Would-be parents from Massachusetts have contracted with a Fairfax County woman to bear their child and are asking the Fairfax Circuit Court to answer an unusual question before the child is born: Who will be its legal parents?
The medical procedure used in this case, ovum implantation, is also unusual. If "Baby Doe," as the unborn infant is being called in court papers, is born in Fairfax as expected on Dec. 11, its birth would be what is believed to be only the third of its kind in the world.
"We're asking the court to determine the paternity and the maternity of the unborn child," said James R. Hart, a Fairfax attorney representing the Massachusetts couple. "It's arguably not clear." The issue is being raised in Fairfax because that is where the surrogate mother lives.
In typical surrogate cases, such as the celebrated "Baby M" custody dispute, the surrogate's egg is fertilized. But in ovum implantation, the infertile couple's ovum and sperm are joined in a laboratory, then the fertilized embyro is implanted in the uterus of the surrogate.
The surrogate "does not contribute to the pregnancy," said Dr. Wulf H. Utian, who, along with a team of other doctors at Mount Sinai Medical Center in Cleveland, pioneered the process. The surrogate, he said, is "acting as baby sitter for nine months."
Utian said there is no question that infertile couples who provide the fertilized embryo are the biological parents. However, he said, their legal claim to parenthood is more complicated to establish. "Society and the courts are grappling with what we can achieve medically," he said.
In the Fairfax case, as in a precedent-setting Michigan case, there is no argument between would-be parents and the surrogate. The Massachusetts couple, which is using the names John and Mary Doe to maintain privacy, is merely trying to reaffirm its contract with the surrogate by asking the court for a "declaratory judgment" on the question of who are the legal parents, according to Noel P. Keane, a Michigan attorney.
Keane said the legal presumption has always been that the woman who bears the child is the mother. In the typical surrogate case, a contract is drawn before conception and the would-be parents adopt the baby after its birth.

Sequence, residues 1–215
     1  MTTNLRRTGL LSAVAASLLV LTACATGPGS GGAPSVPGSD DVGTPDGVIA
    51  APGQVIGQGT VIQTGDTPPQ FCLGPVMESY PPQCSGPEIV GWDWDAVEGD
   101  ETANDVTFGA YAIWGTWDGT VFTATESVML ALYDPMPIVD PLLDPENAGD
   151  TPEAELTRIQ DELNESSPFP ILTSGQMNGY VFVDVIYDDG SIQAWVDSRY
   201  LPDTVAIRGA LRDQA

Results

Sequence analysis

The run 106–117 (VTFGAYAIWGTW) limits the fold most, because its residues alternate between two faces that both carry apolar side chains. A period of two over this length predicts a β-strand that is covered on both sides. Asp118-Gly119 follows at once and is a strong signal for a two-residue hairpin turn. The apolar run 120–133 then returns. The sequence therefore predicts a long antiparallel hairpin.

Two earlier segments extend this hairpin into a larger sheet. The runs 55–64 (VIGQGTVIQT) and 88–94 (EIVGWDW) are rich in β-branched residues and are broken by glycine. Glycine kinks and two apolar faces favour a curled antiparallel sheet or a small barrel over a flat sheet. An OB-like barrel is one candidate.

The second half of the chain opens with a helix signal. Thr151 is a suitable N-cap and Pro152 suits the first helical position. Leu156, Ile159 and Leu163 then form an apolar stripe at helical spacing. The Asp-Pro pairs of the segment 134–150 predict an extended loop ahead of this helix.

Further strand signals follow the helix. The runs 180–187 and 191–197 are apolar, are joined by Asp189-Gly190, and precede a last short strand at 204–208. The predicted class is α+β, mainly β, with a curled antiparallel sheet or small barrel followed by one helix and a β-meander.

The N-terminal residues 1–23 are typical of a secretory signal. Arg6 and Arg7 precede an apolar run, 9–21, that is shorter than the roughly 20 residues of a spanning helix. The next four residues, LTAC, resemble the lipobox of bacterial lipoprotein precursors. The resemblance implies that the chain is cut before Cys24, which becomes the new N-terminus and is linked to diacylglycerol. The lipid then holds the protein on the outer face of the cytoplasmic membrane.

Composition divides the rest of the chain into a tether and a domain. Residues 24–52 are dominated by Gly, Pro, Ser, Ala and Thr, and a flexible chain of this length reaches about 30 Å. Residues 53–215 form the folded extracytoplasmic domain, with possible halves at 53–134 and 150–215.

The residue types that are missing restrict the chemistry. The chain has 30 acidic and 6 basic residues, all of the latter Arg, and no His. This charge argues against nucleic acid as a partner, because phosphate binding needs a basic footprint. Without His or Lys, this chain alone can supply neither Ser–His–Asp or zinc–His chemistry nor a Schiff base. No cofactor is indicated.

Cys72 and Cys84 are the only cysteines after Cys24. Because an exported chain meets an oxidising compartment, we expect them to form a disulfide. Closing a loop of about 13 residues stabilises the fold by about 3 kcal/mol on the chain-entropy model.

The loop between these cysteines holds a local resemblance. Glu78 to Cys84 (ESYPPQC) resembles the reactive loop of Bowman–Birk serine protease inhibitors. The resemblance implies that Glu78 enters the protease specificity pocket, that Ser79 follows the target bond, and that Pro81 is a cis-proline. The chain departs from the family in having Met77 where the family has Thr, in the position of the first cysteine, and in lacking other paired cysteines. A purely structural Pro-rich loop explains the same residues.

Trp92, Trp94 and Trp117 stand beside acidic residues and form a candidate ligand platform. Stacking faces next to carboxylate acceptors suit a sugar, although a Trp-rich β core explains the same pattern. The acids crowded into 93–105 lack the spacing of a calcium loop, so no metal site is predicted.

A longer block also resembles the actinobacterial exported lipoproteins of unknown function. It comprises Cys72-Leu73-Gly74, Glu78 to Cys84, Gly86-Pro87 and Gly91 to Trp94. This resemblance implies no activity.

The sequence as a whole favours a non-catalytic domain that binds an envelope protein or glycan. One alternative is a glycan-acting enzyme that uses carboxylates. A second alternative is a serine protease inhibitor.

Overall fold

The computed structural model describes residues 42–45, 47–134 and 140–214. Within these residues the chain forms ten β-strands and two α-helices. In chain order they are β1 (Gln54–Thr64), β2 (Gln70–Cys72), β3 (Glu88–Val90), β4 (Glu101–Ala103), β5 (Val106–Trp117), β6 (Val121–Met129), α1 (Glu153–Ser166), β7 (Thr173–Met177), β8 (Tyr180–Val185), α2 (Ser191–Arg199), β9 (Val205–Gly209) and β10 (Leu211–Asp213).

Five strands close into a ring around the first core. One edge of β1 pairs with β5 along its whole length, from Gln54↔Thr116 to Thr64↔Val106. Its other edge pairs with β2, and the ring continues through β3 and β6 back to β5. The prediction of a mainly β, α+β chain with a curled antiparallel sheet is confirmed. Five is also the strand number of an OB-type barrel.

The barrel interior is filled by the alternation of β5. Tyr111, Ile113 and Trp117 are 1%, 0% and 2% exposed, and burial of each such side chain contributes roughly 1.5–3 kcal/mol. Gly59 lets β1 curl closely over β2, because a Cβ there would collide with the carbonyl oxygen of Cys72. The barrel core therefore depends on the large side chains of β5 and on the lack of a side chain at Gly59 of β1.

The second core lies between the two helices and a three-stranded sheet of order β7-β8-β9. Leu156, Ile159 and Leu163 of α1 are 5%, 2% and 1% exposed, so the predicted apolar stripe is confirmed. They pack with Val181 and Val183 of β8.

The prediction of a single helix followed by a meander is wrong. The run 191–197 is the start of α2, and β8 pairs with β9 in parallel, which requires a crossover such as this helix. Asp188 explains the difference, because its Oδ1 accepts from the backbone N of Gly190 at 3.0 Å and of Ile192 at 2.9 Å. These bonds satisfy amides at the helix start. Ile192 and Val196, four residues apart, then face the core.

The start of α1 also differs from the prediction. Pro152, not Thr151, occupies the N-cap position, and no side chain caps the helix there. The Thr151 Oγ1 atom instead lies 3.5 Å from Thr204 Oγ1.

In ovum implantation cases, "these parents don't want to adopt their own child," Keane said. In addition, he said, they want answers to such questions as whose name will go on the birth certificate.
Keane, whose firm handled the legal affairs in the first ovum implantation birth in April 1986, said a Michigan judge issued an interim order before the child's birth declaring the infertile couple to be the legal parents.
The order became final after the child was born and a blood test was administered to validate the claim, Keane said. The name of the biological mother, not the "birthing mother," was placed on the birth certificate, he said.
Matthew L. Myers, a Washington lawyer who represents a Maryland group called Surrogate Motherhood Inc., said that the legal issues raised are "all uncharted waters."
Hart, the Massachusetts couple's attorney in Fairfax, said there are a host of questions not addressed in Virginia statutes: Who is legally obligated to support the child? Who does the baby inherit from? Who inherits from the baby?
Susan Hicks, attorney for the surrogate, said it is also unclear even whether the court would agree to rule on the issue before the birth. Her client, who is identified in court papers as Jane Roe, did not want to be interviewed.
According to Utian, who is director of the obstetrics department at Mount Sinai, Hicks' client will be only the third woman in the world to give birth to a child conceived through ovum implantation. He said the first was believed to be the baby born in Michigan and a second is believed to have been born in South Africa.